Just Plain Foolish

Just a chance for an old-fashioned, simple storyteller to say what needs to be said.

Thursday, April 26, 2007

Where are the victory gardens?

This morning, as I got ready for work, I heard a commercial on the radio that still has me upset. It features two characters, a child and a "mommy". The mother character was speaking in that voice that adults use when they want to patronizingly instruct children. That voice has long been one of my pet peeves. (Apparantly at least from the age of 3 when I informed my mom that I didn't want to watch television because "they talk down to me.") In any event, the discussion revolves around which suburban development they should move into, with the child declaring "We should move into X, Mommy, because everything is included in one price there." and the "mommy" approvingly replying, "You're going to be such a good shopper one day!"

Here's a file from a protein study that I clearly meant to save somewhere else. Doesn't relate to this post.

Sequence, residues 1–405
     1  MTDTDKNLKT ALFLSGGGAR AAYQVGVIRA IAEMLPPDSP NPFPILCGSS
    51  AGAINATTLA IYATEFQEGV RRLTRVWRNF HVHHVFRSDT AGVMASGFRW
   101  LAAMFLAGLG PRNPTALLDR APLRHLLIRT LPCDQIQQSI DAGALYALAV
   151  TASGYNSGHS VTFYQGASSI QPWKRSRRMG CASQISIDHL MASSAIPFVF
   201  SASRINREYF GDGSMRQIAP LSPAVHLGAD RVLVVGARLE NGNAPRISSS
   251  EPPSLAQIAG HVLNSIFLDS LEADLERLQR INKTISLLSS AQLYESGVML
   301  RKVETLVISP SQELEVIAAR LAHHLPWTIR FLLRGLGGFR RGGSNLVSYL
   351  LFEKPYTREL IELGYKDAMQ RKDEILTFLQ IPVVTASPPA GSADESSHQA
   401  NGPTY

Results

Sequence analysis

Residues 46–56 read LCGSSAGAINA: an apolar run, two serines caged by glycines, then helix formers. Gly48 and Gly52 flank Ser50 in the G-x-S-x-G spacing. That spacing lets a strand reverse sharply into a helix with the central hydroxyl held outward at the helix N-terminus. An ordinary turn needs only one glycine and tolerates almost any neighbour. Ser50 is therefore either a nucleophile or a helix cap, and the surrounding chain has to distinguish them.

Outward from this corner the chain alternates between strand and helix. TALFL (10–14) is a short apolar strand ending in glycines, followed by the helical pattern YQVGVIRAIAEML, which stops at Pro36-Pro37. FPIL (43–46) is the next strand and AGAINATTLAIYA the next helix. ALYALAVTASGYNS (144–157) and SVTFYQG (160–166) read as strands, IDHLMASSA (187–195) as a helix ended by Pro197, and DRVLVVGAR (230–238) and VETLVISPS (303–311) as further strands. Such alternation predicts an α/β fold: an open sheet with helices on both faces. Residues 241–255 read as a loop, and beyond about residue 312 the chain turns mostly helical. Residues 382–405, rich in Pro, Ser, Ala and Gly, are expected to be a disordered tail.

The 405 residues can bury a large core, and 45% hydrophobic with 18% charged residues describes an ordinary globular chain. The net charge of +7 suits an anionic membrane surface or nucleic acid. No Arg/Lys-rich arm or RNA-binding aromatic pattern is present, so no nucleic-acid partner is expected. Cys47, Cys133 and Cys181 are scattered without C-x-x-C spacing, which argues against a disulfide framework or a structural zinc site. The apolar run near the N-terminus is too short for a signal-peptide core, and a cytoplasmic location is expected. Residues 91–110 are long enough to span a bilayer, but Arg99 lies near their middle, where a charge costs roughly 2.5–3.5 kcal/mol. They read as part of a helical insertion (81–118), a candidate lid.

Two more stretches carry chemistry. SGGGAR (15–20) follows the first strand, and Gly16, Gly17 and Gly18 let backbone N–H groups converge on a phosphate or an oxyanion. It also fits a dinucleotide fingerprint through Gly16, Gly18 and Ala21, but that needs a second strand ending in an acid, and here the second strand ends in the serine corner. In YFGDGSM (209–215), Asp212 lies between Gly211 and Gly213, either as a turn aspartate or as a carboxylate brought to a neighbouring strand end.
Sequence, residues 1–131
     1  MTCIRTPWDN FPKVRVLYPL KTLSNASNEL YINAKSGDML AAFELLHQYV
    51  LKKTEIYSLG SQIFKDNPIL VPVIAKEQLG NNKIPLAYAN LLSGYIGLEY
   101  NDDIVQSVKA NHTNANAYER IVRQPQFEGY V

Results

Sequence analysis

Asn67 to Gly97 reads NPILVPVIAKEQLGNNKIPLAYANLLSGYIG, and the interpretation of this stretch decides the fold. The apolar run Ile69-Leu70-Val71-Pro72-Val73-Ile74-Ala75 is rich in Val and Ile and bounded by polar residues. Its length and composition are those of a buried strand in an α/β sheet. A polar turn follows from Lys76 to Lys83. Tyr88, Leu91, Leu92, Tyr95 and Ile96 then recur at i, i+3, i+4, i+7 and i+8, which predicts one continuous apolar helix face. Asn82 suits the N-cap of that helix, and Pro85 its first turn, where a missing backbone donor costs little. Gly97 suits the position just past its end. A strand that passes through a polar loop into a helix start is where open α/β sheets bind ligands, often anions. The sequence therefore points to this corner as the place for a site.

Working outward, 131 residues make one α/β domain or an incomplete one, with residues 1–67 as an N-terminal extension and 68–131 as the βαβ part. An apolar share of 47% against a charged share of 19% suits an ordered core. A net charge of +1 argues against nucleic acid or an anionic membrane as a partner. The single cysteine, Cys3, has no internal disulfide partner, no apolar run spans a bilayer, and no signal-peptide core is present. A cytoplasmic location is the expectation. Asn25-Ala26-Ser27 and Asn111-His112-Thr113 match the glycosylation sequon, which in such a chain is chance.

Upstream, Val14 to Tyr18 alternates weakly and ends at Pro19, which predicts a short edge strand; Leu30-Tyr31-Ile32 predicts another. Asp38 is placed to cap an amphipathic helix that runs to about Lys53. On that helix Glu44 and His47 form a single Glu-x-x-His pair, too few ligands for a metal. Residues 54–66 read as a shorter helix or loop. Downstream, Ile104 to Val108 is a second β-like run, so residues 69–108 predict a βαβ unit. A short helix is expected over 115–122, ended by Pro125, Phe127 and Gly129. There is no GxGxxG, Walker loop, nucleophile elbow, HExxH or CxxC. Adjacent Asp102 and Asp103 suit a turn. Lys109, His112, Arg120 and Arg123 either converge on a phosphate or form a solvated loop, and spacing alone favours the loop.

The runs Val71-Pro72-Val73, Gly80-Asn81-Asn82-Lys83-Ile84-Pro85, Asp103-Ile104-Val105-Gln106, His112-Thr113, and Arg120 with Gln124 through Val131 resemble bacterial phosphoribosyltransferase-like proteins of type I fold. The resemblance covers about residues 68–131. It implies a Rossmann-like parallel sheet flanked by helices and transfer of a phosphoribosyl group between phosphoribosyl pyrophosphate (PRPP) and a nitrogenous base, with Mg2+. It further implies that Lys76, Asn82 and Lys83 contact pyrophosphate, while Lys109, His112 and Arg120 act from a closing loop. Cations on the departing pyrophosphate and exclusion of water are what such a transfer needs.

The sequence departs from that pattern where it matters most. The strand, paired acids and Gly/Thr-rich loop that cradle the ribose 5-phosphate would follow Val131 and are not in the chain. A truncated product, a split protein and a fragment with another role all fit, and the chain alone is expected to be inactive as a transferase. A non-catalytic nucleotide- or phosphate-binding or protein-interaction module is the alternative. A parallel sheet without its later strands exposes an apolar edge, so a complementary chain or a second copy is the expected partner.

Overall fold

Aside from the problem of this pricing structure encouraging monster houses because essentially, everyone pays for the biggest house they build, so you might as well get all the "options", since you're paying for them anyway, I am appalled by the implication that the job of adults is to raise the next generation of consumers.

Let us presume that most people have never watched An Inconvenient Truth, as I confess I have not. Let us further acknowlege that our "leadership" has done its level best to insulate Americans from the consequences of our choices. The cost of war has been put on credit, and the bodies for that war have come from a minority of American families. Further, while complaining about the cost of public transit and energy research, our love affair with petroleum has been subsidized heavily.